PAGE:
Sunday afternoon saw me leaving soggy Wellington on the train and heading up the line to Paekakariki for a showing of The Hollow Men run by Mana Greens as a fundraiser for Jan Logie’s campaign. The journey was made more pleasant by the fact of other greenies travelling out too, and the companionship of my son, who’d decided to join us.
The screening was held in a little church hall in Paekakariki, which was viscerally reminiscent of the small country church halls of my rural childhood – right down to the idiosyncratic placements of lighting switches which had half a dozen of us hunting for the main switch once the movie began to show.
In true small-town form, the first print of the dvd wouldn’t play, a back-up had to be quickly rounded up, and then it was decided to just project it onto the back wall rather than use the too-small screen.
Meanwhile the assembled crowd ate popcorn, handed out in paper bags by Jan’s support crew (made on the premises in the wee kitchen, so the hall smelt nicely of buttered popcorn when we all dribbled in…) and chatted amongst ourselves. There was a small cash bar, so most people had a glass or bottle or two while it all got under way. Plenty of Young Greens present too, including Jack McDonald, who is standing in the māori electorate of Te Tai Hauāuru, an enormous chunk of the west coast of the lower north island that he has been travelling around, giving speeches to various entities.
The movie is well-enough known, I think, that I don’t need to summarise too much, suffice to say that even though the main plot finishes just after the 2005 election, the events portrayed are seared into my mind from that time, and I remembered a lot of the footage. Vanguard Films adapted the script to follow the footage they could find through the Film Archive, TVNZ archives & TV3 archives, so much of it was cut’n’paste of the actual politicians and journalists talking about the events as they happened – so much of this scandal was actually on public record.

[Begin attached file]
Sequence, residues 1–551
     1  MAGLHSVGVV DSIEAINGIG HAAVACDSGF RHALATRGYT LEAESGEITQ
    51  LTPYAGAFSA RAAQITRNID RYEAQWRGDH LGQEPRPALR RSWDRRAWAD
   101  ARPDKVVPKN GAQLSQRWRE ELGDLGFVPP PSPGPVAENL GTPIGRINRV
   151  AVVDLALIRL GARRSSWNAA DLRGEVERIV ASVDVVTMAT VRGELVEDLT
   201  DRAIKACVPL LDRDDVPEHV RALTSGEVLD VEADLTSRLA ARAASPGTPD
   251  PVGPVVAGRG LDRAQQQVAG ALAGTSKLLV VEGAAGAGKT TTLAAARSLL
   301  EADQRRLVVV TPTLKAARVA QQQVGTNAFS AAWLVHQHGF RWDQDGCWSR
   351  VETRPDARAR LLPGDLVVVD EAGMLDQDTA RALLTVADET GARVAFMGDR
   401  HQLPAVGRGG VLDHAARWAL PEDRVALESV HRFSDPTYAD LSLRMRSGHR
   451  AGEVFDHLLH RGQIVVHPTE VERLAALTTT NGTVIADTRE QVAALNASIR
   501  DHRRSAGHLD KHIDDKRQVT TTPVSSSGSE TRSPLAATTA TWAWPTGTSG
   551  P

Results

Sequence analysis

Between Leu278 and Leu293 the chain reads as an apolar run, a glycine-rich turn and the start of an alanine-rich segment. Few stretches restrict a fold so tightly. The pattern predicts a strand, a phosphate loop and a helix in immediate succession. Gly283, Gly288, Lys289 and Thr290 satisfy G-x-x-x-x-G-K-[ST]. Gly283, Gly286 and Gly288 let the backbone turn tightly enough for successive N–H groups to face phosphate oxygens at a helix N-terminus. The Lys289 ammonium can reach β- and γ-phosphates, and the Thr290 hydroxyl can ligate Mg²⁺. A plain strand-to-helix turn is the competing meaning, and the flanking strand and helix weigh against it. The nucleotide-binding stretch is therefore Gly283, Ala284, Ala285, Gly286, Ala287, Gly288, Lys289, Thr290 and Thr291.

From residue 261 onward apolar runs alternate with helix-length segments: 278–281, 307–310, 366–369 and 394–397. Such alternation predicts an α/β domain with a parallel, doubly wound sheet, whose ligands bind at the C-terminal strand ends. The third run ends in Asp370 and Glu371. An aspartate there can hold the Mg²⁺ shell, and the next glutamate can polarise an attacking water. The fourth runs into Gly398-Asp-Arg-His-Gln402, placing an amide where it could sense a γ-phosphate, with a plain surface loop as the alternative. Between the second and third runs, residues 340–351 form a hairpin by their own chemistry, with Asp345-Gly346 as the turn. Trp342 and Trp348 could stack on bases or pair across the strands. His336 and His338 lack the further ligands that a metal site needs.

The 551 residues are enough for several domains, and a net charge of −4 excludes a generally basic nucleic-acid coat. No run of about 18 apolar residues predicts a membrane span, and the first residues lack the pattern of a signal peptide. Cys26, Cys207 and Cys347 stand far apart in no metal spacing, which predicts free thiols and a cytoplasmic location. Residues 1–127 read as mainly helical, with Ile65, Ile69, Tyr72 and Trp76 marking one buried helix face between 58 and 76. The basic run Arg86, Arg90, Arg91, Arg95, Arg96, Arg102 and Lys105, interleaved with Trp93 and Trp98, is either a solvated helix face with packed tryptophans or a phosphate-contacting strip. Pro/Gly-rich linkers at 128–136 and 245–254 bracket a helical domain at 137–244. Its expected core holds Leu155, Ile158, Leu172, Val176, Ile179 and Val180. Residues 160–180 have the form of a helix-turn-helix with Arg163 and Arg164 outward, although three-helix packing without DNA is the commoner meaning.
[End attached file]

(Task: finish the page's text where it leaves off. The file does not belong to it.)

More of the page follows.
Afterwards, Nicky Hager took questions from the audience, and made a brief statement that he considered Dr Don Brash not to have substantially changed his core approach since 2005, so that many of the issues raised in the book and the film are still relevant in NZ politics during the current election campaign.
There was also some brief discussion of his latest book, “Other Peoples’ Wars”, which has just been published, covering some of the same period of time but looking at the Labour Government Ministers and NZDF chiefs involved in sending our SAS to Afghanistan and Iraq, which was of course the subject of much Green protest in 2002/3 (“There are no Just Wars, Just Peace” ring a bell with anyone?) and on through subsequent years, as this illegal war dragged on through a decade. Having just finished reading the book, I thoroughly recommend it, especially for those who weren’t involved in any of the anti-war movements and couldn’t see what all the fuss was about.